We understand that secession is an interesting topic this Election Day; after all, the idea of trying to secede to form a new state isn't something that you normally find on the ballot. But as conservative politicians increasingly try to distance themselves from the topic, we would remind our friends in the media and around the state to keep the secession effort in the proper perspective.
A vote for secession is a symbol, to some degree, that some rural Coloradans are increasingly frustrated by the growing (and inevitable) population shifts to the Denver Metro area. Yet while 11 counties are voting on secession today, many more rural counties chose not to even put the issue on the ballot. And of those that are voting, their total population represents less than 7% of Colorado's population. Less than half of that 7% will cast a vote one way or the other for secession, and it would take about 60% of those voters to surpass the 100,000 mark.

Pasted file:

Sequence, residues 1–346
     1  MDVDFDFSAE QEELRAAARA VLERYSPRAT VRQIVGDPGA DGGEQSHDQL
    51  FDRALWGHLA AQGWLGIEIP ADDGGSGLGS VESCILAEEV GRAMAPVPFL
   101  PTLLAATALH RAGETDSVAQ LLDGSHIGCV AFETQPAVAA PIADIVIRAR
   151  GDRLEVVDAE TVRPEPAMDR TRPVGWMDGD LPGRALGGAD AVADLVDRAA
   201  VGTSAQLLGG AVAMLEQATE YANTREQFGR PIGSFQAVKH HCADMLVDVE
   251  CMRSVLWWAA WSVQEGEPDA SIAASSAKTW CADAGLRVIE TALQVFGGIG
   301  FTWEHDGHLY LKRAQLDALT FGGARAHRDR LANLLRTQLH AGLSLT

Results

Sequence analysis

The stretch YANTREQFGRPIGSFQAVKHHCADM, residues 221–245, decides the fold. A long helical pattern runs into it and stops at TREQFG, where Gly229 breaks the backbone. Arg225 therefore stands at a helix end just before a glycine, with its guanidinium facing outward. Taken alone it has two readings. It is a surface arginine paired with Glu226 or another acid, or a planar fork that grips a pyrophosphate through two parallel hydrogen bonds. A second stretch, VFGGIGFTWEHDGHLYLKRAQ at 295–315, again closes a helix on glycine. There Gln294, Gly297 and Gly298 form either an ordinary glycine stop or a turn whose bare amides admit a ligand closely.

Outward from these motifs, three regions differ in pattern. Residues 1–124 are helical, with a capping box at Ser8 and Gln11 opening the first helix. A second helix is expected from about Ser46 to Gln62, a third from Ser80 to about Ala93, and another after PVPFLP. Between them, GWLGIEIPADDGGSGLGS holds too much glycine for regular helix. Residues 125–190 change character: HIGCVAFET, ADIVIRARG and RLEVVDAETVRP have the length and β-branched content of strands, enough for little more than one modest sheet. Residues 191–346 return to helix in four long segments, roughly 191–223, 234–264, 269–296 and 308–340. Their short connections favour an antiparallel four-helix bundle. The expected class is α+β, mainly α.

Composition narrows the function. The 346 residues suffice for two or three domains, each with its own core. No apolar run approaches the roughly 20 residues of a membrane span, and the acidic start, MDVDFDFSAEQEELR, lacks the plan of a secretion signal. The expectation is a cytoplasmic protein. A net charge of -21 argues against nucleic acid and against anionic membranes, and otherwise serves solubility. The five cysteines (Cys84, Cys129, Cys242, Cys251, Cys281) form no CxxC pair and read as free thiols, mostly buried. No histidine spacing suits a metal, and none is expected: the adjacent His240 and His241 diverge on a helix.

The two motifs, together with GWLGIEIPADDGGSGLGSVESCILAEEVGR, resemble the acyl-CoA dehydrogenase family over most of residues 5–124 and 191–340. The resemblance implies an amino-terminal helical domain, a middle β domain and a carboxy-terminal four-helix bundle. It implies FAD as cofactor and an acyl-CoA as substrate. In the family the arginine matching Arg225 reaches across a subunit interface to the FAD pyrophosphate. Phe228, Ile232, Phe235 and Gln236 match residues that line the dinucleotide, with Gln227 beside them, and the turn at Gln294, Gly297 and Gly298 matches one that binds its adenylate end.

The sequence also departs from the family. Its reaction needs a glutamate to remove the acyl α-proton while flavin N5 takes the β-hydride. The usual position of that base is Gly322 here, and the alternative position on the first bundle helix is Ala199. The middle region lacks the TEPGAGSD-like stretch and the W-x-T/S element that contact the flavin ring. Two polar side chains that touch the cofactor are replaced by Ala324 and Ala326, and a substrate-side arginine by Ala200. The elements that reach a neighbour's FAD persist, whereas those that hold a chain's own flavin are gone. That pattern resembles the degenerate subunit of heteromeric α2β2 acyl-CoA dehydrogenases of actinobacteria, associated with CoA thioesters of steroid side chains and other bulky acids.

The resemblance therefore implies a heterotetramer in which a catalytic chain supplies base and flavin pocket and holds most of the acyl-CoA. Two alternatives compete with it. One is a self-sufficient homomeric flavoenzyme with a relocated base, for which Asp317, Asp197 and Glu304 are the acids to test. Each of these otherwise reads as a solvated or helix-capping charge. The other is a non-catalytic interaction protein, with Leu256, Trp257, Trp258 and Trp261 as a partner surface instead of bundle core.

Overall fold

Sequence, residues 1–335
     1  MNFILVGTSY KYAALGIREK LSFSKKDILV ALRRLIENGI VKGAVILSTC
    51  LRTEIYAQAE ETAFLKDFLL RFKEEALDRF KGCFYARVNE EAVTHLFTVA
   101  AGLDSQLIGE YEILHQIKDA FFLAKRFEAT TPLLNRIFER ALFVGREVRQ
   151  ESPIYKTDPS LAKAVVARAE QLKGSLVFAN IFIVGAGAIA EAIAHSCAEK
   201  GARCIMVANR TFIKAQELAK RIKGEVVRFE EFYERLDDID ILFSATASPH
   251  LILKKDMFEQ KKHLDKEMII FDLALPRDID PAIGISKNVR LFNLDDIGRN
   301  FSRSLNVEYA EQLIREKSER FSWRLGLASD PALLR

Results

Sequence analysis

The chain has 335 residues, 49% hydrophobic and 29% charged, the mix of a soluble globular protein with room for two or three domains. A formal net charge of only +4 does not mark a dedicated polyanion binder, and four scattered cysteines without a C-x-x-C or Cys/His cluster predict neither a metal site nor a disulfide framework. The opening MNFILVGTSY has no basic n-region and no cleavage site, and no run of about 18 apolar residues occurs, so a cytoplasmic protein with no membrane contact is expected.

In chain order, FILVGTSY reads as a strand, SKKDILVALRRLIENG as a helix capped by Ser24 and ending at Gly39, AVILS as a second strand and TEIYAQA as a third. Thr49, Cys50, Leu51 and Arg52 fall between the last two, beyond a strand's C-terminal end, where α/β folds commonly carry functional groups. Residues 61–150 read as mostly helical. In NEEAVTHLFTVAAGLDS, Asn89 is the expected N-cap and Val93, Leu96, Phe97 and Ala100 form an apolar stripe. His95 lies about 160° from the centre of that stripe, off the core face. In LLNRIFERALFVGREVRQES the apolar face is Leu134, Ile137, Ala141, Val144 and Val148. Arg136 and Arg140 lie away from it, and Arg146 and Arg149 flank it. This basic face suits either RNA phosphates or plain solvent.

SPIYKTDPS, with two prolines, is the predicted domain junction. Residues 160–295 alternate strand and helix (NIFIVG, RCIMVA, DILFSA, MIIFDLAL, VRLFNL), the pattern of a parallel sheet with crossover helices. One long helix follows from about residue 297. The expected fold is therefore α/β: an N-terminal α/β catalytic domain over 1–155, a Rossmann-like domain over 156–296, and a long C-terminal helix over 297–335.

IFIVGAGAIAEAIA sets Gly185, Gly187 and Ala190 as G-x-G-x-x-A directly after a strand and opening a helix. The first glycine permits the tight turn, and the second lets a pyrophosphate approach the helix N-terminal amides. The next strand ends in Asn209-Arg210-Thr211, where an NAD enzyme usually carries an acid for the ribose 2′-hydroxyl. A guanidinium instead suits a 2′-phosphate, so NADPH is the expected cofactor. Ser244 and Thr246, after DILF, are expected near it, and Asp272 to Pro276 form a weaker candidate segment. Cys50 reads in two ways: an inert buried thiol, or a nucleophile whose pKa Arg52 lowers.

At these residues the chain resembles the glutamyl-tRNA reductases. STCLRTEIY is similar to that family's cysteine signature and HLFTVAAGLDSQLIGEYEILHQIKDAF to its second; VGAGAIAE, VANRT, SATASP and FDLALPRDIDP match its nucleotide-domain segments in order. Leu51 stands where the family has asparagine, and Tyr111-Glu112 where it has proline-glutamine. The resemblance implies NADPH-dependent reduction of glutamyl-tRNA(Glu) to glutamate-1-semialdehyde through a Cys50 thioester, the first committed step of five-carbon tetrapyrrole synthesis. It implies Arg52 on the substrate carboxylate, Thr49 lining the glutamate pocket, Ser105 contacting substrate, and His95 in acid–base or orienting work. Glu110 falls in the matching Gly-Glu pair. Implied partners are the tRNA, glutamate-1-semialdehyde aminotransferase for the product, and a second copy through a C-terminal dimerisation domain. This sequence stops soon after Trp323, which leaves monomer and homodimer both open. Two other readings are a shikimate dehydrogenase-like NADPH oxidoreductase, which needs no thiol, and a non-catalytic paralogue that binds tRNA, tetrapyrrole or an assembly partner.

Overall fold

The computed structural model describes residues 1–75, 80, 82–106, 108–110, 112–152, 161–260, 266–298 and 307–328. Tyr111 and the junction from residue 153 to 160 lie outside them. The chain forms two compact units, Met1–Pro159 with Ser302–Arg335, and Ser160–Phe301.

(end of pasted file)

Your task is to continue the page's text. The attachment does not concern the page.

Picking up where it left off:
In other words, the bluster of secession doesn't actually add up to much. When all of the votes are counted, it is quite likely that less than 2% of Coloradans will have voted in favor of seceding and forming a new state. It that still an interesting story? Sure, as a footnote. But as a significant political movement? Nope.